Kidney Stones Q & A
What causes kidney stones?
Your urine contains minerals, salts, and other substances that generally stay dissolved, but when your urine is too concentrated, these substances crystalize and form stones. Over time, the stones enlarge, causing extreme pain as they travel through your urinary tract or cause an obstruction.
What type of kidney stones might I develop?
You may develop one of four types of kidney stones:
Calcium stones account for 80% of all kidney stones. Most consist of calcium oxalate, but you can also develop calcium phosphate stones.
Uric acid stones
Uric acid stones represent 5-10% of all stones present in patients. They typically develop in people who don’t drink enough fluids or who have very acidic urine. Your risk for uric acid stones increases if you follow a high-protein diet, have high blood sugar, or certain genetic factors.
Struvite stones often develop after a urinary tract infection. They often grow quickly and cause sudden pain without warning signs.
These kidney stones form due to cystinuria, a hereditary disorder that makes the kidneys excrete an excessive amount of amino acids.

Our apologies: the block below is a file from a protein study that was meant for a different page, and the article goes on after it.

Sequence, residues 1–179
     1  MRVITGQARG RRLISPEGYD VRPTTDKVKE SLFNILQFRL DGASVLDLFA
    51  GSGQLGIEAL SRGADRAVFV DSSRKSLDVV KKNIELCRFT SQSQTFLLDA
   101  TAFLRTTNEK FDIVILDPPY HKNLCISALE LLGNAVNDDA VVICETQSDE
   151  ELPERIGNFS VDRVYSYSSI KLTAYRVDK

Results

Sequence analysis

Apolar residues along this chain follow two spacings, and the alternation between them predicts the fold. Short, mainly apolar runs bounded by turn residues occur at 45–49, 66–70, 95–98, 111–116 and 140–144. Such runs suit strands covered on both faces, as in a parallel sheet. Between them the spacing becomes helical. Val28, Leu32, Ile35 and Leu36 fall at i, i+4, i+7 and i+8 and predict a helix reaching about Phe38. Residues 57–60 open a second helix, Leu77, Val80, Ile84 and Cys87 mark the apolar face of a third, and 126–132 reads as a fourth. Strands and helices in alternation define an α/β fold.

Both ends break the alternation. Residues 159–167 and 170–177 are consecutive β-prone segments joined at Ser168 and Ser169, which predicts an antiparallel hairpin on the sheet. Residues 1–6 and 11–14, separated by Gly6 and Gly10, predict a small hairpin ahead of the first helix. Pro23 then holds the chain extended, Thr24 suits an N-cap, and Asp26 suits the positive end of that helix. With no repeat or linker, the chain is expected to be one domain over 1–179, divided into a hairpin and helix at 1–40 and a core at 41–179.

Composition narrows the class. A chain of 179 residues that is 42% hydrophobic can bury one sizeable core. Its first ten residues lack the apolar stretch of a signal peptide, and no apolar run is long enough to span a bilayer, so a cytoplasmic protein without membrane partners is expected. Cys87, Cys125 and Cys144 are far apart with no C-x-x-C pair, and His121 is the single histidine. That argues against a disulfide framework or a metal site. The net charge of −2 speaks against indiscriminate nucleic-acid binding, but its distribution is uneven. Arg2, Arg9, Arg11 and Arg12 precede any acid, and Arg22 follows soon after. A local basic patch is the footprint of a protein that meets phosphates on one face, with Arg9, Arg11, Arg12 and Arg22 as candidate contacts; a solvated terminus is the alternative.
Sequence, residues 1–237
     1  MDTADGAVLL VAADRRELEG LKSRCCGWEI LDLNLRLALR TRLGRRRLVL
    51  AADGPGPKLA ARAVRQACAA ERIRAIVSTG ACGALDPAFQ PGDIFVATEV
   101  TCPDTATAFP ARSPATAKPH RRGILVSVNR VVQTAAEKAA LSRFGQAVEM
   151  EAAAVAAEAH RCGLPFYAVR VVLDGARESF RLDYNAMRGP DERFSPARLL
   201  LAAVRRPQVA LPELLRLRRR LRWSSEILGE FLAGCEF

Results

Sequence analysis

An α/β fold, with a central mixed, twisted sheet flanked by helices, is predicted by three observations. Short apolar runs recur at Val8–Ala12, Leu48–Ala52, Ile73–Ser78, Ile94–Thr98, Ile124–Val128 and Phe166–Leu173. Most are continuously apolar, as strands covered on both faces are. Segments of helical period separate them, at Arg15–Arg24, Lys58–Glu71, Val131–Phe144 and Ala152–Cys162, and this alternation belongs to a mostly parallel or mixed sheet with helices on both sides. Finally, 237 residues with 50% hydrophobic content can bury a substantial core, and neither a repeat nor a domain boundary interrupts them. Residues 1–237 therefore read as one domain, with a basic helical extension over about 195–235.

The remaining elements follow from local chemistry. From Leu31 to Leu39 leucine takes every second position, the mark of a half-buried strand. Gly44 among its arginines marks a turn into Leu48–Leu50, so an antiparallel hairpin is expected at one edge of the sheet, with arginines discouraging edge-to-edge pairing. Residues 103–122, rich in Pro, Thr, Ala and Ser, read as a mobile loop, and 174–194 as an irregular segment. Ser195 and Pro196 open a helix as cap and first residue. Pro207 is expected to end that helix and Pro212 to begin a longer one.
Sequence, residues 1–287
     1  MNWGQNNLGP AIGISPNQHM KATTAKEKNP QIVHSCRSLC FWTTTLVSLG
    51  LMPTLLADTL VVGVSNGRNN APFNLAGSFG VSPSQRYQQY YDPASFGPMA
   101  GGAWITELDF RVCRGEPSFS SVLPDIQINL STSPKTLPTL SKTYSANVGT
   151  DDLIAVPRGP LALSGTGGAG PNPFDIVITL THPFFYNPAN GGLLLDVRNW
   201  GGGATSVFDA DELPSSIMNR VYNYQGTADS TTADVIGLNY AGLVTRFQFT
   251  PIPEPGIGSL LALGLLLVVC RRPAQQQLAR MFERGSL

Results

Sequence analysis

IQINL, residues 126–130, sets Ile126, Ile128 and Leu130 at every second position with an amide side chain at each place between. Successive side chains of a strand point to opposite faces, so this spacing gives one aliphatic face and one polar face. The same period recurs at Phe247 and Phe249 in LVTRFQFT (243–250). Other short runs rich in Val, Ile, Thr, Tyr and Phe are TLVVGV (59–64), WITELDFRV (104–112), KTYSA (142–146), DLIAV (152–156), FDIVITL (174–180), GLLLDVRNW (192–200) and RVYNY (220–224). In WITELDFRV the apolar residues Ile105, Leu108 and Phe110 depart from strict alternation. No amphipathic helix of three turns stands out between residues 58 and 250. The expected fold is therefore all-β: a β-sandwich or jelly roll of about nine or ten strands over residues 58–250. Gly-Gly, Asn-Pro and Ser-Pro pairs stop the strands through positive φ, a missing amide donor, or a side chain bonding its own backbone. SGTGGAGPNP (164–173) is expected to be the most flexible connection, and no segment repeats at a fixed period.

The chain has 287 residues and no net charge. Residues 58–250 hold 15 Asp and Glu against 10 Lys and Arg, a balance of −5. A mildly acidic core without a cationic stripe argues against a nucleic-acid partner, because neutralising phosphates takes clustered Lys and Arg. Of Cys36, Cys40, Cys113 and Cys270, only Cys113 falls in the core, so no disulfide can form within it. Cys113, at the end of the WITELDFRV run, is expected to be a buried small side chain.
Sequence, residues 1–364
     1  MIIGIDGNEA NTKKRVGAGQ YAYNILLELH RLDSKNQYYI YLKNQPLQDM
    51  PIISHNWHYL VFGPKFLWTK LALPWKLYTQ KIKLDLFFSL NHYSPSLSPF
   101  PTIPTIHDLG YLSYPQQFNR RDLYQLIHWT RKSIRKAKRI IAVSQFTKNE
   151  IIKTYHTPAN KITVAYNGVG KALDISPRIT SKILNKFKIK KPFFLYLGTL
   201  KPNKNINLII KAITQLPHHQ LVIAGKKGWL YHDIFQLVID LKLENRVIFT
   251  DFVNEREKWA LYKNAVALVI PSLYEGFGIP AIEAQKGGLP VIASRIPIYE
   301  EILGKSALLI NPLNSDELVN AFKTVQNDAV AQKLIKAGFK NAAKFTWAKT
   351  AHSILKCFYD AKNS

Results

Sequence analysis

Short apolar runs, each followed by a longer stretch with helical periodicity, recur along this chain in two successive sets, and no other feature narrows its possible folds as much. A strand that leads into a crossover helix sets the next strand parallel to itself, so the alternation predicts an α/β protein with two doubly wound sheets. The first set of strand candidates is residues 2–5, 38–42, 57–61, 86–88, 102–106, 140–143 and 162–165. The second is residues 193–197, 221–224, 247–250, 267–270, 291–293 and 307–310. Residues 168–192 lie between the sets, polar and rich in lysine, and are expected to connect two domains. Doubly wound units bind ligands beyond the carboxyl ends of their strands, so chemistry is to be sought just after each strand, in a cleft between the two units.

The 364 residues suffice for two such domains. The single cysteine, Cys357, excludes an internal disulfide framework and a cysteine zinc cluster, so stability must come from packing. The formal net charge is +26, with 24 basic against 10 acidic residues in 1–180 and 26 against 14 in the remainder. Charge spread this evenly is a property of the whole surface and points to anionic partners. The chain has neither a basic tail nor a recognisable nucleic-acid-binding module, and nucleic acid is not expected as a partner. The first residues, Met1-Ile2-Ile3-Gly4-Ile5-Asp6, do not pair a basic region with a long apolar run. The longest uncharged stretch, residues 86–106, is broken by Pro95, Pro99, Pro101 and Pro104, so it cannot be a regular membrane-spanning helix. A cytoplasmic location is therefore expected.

What symptoms develop due to kidney stones?
Kidney stones seldom cause symptoms while they remain in the kidney. When they move into the ureter and start to travel to the bladder, you’ll experience symptoms such as:
- Back pain under the ribcage
- Lower abdominal or groin pain
- Blood in your urine
- Nausea or vomiting
- Urinary frequency or urgency
- Burning with urination
- Intermittent urine stream
You may experience pain in different locations as the stones move through your urinary tract.
How do urology experts treat kidney stones?
Your Comprehensive Urology provider performs a urinalysis and diagnostic imaging such as an ultrasound, X-ray, intravenous pyelogram, or CT scan. These tests show the location and size of your stones and if the stones block any part of your urinary tract.
Your provider determines the underlying cause of your kidney stones and creates a customized treatment plan. The team may recommend outpatient stentless surgery such as laser stone ablation, shock wave therapy, and percutaneous nephrolithotripsy (PCNL).
After determining the type of kidney stones you have, the Comprehensive Urology team can help you prevent future stones with dietary changes, supplements, and medications when necessary.
If you develop back pain, abdominal pain, or other symptoms of kidney stones, call Comprehensive Urology or schedule an appointment online today.